Following Their Lead

Published in The Ferndale Record, March 14, 2012

One of the most astonishing things about being a parent is how I learn from my children. I always thought I’d be the one dishing up the inspiration: They would assemble at my feet, riveted in starry-eyed wonder while I imparted the wisdom of years and experience.

What actually happens is we sit at the dining room table during a family celebration, or lounge around in our jammies tossing out ideas and family stories. We chat. We share. And unlike my fantasy, I’m almost never the center of attention—in fact, I learn more when I’m not.

I watch, hear and ask questions. I’m the one zeroed in with rapt attention, realizing at every turn in the conversation how lucky I am to be associated with such a diverse crew. Each one has authentic style, and I catch myself listening on purpose. Here are a few nuggets from the past couple of years:

*An employer just wants you to get the job done. Be clear about what’s expected and ask questions. Then, pull the trigger. No rambling excuses, no drama. Be exceptionally good at what you do.

*Own who you are. Do whatever it takes to be comfortable in your own skin. What others think isn’t important. What matters is to dream big, work hard and get out of your own way. Help others on the same path.

*Live with gusto. Jump out of that plane! Spend money on that trip you’ve always wanted to take! Swing from that chandelier! Stay up all night talking and playing games. Lose sleep over living your life. You can sleep when you’re dead.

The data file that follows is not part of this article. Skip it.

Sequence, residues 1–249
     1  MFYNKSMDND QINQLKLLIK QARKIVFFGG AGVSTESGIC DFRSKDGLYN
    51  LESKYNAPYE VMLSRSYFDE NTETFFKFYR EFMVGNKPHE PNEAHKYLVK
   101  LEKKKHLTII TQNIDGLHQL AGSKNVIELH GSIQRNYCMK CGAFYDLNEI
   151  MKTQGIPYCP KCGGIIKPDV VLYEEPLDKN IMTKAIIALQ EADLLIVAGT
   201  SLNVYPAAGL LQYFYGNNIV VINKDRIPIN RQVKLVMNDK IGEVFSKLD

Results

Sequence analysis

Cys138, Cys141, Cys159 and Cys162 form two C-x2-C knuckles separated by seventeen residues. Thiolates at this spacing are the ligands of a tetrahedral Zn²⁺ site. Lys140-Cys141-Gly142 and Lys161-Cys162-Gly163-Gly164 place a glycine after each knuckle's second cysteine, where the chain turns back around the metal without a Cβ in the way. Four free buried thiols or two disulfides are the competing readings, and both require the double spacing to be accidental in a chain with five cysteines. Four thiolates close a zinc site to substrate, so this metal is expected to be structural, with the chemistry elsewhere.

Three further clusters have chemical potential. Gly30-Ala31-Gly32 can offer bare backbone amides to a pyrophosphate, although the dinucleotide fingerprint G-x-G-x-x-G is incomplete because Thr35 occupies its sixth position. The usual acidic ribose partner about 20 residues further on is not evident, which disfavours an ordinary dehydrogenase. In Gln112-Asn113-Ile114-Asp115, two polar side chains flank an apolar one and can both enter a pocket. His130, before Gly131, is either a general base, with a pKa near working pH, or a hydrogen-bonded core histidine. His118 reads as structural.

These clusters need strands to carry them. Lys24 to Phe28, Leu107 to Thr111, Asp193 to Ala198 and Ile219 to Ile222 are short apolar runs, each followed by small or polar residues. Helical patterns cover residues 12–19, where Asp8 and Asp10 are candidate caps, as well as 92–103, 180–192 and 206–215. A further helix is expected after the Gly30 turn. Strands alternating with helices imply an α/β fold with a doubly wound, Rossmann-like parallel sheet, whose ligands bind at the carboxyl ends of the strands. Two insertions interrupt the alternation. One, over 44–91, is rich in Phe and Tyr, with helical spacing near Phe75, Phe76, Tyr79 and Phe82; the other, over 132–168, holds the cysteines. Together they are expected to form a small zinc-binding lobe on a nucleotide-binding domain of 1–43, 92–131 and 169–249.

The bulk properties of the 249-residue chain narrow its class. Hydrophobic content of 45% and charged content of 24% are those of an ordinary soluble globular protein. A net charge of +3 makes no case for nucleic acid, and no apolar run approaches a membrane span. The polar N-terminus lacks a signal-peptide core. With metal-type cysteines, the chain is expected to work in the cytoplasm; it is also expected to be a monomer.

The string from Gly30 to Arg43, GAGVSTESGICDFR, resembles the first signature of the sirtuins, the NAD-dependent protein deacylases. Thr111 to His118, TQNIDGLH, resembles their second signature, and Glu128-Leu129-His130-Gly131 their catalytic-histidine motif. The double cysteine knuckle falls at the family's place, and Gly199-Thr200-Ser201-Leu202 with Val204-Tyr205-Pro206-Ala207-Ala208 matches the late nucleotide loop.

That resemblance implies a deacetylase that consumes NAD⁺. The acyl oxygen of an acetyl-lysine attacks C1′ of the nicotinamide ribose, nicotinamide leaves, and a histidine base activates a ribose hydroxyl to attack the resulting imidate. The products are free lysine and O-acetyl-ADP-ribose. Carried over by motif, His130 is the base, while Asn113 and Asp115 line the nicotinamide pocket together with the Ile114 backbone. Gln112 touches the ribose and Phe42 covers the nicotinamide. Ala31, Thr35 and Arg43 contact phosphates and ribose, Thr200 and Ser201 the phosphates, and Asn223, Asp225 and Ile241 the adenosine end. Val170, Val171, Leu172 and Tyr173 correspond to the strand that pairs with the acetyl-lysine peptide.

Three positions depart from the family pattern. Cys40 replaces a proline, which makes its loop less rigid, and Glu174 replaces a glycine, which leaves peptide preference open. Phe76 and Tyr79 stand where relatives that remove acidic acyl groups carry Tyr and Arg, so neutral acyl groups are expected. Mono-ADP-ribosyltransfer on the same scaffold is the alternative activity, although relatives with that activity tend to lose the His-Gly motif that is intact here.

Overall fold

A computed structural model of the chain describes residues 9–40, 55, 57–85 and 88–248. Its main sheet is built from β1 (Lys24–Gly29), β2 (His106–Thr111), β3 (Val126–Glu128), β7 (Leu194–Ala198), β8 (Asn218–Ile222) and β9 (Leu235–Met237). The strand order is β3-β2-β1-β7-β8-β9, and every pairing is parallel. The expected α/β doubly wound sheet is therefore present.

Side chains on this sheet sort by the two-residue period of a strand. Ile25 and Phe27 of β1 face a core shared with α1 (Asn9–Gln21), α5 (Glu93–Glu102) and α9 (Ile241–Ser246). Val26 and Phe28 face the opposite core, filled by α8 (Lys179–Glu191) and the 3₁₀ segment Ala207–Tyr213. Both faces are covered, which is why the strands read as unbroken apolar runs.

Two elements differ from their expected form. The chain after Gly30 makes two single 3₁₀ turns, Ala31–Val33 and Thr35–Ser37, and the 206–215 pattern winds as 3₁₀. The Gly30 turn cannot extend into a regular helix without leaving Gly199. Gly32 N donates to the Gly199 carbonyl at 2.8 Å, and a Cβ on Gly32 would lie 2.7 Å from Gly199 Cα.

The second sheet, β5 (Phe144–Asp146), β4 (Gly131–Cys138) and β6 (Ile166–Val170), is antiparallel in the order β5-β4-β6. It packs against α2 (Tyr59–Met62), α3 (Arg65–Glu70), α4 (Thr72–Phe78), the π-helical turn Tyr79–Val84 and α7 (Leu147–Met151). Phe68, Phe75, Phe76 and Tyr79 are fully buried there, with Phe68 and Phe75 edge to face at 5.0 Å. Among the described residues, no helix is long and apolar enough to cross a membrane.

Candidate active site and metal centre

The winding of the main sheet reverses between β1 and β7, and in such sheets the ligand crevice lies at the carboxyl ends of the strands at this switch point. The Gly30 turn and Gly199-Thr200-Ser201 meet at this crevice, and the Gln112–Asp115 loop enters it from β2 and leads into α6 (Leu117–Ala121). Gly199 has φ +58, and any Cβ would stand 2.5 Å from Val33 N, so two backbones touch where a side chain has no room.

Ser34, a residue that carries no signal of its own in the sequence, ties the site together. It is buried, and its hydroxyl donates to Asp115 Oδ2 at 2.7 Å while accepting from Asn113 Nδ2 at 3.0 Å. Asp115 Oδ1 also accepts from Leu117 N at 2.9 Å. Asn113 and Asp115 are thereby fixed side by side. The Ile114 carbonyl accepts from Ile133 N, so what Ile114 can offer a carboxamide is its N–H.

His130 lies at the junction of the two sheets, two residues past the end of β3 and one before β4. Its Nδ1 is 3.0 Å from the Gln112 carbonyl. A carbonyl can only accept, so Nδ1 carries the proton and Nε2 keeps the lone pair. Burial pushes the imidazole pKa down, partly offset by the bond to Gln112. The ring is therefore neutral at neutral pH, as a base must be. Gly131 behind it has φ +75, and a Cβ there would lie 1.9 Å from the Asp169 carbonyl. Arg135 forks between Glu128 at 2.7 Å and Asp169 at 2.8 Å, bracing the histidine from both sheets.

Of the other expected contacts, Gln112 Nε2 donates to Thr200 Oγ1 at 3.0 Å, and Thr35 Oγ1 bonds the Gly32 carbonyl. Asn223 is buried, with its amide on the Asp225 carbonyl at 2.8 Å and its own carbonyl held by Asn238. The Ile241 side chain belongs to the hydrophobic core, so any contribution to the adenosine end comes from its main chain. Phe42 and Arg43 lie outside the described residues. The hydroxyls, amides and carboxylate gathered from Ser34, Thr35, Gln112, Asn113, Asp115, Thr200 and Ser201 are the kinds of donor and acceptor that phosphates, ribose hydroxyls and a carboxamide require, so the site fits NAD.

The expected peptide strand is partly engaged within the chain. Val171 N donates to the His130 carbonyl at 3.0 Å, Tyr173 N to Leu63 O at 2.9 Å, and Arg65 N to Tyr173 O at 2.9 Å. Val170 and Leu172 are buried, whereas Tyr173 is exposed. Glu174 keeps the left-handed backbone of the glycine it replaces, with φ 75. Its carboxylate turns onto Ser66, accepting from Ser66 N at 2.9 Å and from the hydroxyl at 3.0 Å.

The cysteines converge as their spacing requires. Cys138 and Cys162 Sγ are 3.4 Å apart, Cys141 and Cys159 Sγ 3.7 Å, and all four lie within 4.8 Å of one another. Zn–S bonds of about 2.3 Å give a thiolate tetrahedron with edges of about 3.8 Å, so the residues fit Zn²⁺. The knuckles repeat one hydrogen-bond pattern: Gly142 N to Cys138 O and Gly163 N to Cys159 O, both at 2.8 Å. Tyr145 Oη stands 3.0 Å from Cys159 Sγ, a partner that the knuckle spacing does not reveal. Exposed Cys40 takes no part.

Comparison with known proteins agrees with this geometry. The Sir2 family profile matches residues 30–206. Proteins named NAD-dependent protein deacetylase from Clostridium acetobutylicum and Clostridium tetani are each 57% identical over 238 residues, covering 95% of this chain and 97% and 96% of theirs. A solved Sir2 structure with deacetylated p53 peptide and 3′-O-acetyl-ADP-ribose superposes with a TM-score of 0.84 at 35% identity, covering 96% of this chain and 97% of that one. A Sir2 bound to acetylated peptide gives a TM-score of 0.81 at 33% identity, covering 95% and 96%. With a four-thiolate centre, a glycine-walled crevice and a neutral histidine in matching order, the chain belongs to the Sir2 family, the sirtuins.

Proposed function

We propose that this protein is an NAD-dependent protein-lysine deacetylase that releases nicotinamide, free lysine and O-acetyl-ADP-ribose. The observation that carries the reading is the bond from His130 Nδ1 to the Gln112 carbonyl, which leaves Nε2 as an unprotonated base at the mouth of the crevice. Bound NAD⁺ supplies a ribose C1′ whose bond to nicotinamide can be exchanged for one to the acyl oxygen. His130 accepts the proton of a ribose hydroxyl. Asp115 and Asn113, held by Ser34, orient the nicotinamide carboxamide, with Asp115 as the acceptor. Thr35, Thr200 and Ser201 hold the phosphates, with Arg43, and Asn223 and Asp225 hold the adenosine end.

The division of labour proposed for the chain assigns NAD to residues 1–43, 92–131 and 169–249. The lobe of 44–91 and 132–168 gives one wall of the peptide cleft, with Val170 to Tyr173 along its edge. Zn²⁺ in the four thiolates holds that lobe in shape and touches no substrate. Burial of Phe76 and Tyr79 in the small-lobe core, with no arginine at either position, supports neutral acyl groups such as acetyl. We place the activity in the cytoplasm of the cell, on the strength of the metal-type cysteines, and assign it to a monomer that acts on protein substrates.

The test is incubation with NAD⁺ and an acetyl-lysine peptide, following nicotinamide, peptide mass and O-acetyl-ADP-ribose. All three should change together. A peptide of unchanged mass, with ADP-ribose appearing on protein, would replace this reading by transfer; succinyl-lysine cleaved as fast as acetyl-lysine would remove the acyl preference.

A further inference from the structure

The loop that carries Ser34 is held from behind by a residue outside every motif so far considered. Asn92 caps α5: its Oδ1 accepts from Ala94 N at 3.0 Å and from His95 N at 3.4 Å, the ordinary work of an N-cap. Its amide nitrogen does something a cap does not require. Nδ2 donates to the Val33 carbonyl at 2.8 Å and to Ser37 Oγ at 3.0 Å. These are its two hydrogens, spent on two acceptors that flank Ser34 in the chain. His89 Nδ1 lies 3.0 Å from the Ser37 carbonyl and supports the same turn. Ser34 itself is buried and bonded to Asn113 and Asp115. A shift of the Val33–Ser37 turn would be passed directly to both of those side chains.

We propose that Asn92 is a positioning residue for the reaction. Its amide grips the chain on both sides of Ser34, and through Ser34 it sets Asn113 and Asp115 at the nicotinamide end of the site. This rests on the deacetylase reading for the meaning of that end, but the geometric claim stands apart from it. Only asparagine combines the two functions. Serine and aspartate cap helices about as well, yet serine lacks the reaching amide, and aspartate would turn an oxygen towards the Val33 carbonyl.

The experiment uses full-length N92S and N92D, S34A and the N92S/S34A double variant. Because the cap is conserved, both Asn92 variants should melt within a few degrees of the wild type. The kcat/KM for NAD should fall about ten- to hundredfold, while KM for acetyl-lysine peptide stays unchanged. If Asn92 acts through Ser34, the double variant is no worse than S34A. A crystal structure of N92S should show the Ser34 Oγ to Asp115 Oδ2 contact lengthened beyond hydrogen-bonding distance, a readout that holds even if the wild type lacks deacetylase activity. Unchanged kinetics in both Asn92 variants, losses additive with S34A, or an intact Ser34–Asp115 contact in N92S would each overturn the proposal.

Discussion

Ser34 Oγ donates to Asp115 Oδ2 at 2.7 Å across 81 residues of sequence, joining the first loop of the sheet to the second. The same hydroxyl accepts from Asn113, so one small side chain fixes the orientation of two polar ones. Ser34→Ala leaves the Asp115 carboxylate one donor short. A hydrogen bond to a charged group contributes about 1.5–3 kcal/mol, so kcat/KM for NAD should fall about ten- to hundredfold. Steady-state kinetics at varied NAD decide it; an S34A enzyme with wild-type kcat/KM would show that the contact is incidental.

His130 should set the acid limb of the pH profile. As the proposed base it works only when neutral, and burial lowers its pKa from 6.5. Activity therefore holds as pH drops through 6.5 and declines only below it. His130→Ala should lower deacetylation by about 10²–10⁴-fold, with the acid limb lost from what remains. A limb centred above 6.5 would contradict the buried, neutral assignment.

*People matter. Do what it takes to let them know they’re important to you, even if it causes scary pangs of discomfort—especially if it does. Anguish for acts left undone will come back to you if you don’t deal with them.

*Let passion reign. Being cool all the time is overrated. If you love something, you know it immediately. If you don’t, it will disappear from your radar. There’s something honest and clean about the transparency of wearing feelings out loud. It shows others, without question, where you stand.

In one of my favorite photographs, I’m a young mother in skinny bellbottom jeans, and a red, white and blue striped t-shirt, seated on the ground at Cornwall Park in Bellingham, Washington on a summer afternoon. My children and I had just spent the day picnicking with friends, and it was time to go home.

I’m tying shoes onto the tiny, wet feet of my three-year-old daughter. She’s dressed in a sun suit that ties at the shoulders, her wavy hair in pigtails.

I love this picture on several levels—both my daughter and I are quite adorable, we don’t know the photo is being taken, and my little one is studying me, watching closely, learning how adults are in the world. Every time I look at this image, I see the reversal of roles, how these days I’m often the one looking up to her and our growing family.

Finding valuable insights is easy. Websites are littered with them; self-help books are downloaded in seconds. But how utterly spectacular is it to learn good stuff from the people you love most?

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